“The interview and physical, is it hard to pass?” The short answer is no. I went to the interview with my wife and the questions were pretty straightforward. They came right out of the petition itself. The consular officer took the petition, opened it up, flipped through it page by page and took the questions right out of there. If both you and your, I’m assuming fiancee or your spouse, if you’re familiar with the petition. We recommend that you print it out, both of you have a copy and sit there and just go through it page by page. It’s also highly recommended that you know each other, that you have a bonafide legitimate relationship, because they usually ask straightforward questions like where your fiancee is from, the U.S. citizen, what do they do for a living. Very simple questions like that. We also have a list of sample questions up on our website. I believe it’s a list of approximately 75 questions, and those are probably the most common questions. You can check those out. They’re free to check out.
Yeah, and those lists of questions that we publish, they are actual questions that people have reported back to us, were asked of us. It’s not us guessing. Those are real questions that have been reported to us. One thing I’ll add is usually, the interview is pretty short. This is not like an employment interview where you might be there for an hour. It’s 5, 10 minutes, maybe 15 if there’s something unusual about your case. They’re shuffling those people through there very quickly. So, you’re not in, this is not a sweat shop operation. They’re not going to set you under a big incandescent bulb and sweat you for answers.
Basically, you’re going to get in there, it’s going to be bang, bang, bang and you’re out. So, I wouldn’t stress too much other it. The facts of your case are what they are. Be honest and you’ll probably be fine. When people, in our experience, when people fail or have trouble, it is usually not the interview or the medical exam that does it. Those two things are almost the easiest part. They might be the most stress-inducing part of the process, but if you’re talking about just passing, pass rate, that is usually not where you fail. It’s usually something else in the paperwork, in the background check. It’s usually not, I answered a question wrong. Now, has it happened? Yes, definitely. We’ve seen it a time or two where somebody just didn’t seem to know the sponsor well enough, but it’s rare. That’s not usually where you’re going to have problems if you have problems at all, and most people don’t have problems. I just want to repeat, most people are approved. If they get that far, if you make it all the way to the embassy, you’re probably going to be approved. If they were going to deny your case, there is a higher likelihood it would have been done before the interview.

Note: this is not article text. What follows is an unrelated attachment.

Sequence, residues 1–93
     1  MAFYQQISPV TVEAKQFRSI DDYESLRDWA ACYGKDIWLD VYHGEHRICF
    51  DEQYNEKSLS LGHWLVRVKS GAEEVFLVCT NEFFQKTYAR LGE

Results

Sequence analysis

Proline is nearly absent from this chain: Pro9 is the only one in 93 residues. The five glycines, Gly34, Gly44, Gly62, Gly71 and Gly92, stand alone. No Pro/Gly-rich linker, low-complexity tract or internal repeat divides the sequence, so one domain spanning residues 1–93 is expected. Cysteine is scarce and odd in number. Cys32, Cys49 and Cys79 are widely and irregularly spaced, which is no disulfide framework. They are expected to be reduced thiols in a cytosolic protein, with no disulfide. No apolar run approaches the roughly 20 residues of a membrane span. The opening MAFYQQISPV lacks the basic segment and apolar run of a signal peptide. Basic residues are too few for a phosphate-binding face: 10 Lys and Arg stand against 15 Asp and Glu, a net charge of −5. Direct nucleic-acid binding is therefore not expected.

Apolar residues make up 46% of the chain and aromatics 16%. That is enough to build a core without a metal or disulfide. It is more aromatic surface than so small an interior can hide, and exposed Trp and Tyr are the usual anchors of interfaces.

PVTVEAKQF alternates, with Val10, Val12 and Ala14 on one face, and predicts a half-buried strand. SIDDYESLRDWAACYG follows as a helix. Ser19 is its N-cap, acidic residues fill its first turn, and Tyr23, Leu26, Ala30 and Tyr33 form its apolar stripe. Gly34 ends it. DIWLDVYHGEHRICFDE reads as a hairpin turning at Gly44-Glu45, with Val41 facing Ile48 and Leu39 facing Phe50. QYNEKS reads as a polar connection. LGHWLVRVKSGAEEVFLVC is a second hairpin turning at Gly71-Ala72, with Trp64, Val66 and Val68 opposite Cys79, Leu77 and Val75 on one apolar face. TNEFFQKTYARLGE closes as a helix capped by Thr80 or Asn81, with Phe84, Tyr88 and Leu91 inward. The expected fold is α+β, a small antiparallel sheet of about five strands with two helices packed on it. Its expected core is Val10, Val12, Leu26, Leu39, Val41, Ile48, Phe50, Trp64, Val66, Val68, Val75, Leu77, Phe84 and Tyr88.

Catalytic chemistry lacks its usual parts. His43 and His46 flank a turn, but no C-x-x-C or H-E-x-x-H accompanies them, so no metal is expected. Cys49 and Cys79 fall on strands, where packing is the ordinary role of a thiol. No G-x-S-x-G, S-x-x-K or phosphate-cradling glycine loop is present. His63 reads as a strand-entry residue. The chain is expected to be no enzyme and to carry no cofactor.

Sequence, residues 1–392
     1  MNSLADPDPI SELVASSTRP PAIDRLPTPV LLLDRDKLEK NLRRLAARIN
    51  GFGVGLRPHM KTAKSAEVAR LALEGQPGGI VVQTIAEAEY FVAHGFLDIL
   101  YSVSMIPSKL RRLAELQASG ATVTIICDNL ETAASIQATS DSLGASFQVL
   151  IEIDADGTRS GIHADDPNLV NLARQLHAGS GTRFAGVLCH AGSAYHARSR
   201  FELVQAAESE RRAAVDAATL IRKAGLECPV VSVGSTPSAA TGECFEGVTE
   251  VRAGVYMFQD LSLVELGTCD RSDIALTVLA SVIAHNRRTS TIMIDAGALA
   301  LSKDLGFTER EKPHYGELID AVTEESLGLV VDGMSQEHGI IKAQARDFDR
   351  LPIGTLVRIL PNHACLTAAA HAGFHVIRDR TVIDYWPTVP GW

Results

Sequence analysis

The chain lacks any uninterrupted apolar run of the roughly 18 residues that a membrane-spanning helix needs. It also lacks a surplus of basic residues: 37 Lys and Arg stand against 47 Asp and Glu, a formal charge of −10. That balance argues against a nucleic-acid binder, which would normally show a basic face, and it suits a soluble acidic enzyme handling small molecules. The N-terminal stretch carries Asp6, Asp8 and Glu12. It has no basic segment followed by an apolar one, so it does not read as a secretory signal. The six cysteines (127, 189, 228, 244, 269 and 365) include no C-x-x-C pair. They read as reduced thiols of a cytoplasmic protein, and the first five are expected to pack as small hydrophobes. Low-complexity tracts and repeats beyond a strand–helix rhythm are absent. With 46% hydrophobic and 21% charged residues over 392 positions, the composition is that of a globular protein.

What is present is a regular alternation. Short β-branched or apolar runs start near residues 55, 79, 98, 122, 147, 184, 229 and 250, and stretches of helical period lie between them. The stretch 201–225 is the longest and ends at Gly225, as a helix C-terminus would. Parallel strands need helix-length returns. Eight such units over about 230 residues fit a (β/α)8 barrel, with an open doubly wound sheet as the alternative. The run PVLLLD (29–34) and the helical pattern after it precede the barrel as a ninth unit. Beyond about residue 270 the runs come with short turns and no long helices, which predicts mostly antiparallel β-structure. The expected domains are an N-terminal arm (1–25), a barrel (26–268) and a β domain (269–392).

Disclaimer: The information herein is not intended as legal advice and is provided for general information only.Questions involving interpretation of specific U.S. laws should be addressed to an attorney and/or government officials.